With Christmas fast approaching, we sailed with Pesto from San Carlos, where we stayed for over 5 months, to La Cruz, where we shall now prepare for the “Puddle Jump”. And it was not just Christmas’ approach that was fast … this passage was Pedal to the Metal !
After the passports, the second item on our to-do list was to move Pesto from San Carlos to La Cruz. We were hard pressed to do it, for Christmas was around the corner and we definitely wanted to spend it with our cruising friends in La Cruz. On the other hand, I was anxious to get a passage with good sailing conditions, for I wanted to test Pesto and ourselves on longer passages under sail.
It was then with excitement that I saw a beefy frontal system approaching the northern end of the Sea of Cortez on the days preceding our departure – a solid indication of good winds for most of our passage. The good news was that we would have all wind we needed to cover most of the passage sailing. The not-so-good part was that it would all happen soon, leaving us with a mere three days to prepare for the passage after our arrival from the passport trip.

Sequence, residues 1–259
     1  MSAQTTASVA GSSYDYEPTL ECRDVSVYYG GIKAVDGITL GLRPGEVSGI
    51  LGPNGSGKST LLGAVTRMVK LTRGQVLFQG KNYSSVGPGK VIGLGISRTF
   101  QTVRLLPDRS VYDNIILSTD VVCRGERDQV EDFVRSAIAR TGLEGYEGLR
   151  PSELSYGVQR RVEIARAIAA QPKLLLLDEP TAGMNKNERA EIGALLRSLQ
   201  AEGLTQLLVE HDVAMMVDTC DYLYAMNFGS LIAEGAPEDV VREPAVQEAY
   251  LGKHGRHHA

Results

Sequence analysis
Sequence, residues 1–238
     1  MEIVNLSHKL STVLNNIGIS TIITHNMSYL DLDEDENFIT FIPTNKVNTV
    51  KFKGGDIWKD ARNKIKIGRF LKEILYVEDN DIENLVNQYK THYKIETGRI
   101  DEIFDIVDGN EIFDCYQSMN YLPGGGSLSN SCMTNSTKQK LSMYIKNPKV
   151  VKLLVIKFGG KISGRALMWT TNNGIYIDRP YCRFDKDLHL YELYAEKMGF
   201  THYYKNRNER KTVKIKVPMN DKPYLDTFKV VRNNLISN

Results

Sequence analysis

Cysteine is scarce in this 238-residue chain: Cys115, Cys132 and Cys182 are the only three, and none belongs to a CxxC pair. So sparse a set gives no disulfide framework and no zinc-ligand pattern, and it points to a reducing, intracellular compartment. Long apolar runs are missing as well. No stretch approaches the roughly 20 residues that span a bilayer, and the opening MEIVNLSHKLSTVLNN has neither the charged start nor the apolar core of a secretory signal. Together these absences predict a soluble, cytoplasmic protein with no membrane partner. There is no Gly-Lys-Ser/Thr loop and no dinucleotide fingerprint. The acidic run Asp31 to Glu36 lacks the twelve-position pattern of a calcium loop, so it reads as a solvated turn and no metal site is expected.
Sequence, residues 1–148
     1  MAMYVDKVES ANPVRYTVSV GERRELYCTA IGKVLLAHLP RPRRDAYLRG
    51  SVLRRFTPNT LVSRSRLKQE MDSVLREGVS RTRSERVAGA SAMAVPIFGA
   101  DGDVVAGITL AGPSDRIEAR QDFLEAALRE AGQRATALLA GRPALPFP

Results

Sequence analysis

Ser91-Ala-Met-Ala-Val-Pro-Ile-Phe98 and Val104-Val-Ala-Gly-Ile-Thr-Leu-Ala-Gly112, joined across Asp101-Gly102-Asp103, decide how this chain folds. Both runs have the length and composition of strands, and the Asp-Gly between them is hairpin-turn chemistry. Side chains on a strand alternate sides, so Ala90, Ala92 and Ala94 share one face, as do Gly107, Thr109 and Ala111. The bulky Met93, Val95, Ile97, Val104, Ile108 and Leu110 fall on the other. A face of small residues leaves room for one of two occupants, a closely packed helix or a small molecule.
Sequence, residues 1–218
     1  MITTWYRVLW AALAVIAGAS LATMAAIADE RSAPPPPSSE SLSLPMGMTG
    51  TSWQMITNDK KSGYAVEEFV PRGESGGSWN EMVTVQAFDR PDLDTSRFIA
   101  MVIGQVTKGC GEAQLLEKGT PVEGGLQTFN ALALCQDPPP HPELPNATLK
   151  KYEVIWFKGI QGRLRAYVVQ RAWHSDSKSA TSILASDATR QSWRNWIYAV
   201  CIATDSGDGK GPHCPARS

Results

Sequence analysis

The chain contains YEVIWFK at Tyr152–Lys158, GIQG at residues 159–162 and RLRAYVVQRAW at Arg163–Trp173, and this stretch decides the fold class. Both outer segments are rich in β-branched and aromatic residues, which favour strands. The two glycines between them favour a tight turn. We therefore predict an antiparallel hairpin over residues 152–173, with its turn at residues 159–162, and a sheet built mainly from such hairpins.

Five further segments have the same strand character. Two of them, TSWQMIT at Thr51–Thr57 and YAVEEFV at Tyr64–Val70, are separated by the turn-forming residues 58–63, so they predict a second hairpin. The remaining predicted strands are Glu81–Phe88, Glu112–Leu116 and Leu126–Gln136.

As the departure drew nearer, the forecast also grew unequivocal of a good amount of wind blowing from the right direction for our passage. Everything was aligning. The winds would start to pick up on the early hours of Wednesday, December 16th. The tide would also be at the highest point at 10AM on that day, enabling a safe exit through the shallow channel of Marina Real. That meant we would get the wind just a few hours after it had started, thus giving us a good amount of sailing hours before the seas had picked up (it takes a while for wind-induced waves to form).
The forecast wind was just at the upper end of Comfort for us, blowing between 15 and 25 knots, and waves of up to 2.5 meters. Moreover, the forecast was indicating the winds (and waves) would be stronger on the left side of the Sea of Cortez, closer to the Baja California peninsula, and less so closer to mainland. That would give us the opportunity to adjust our “dare” level along the passage (that is, sail closer to Baja if we wanted more wind, or closer to mainland if we wanted less – it turns out we hugged mainland for most of the way down the Sea, for there was more than enough wind there already).
On the day and hour of departure, the marina staff advised us of strong winds forecast. As discomforting as it was, we still felt confident on the forecast we had, and Pesto’s capacity to handle such conditions In fact we had sailed in stronger winds before, particularly during our departure from Astoria nearly one year before.
We untied Pesto from Marina Real’s docks accordingly just after 9AM on that morning, and slowly made into Bahia Algodones’ harbor. From the shelter of the harbor we could see the white caps outside, a clear indication the wind was already blowing.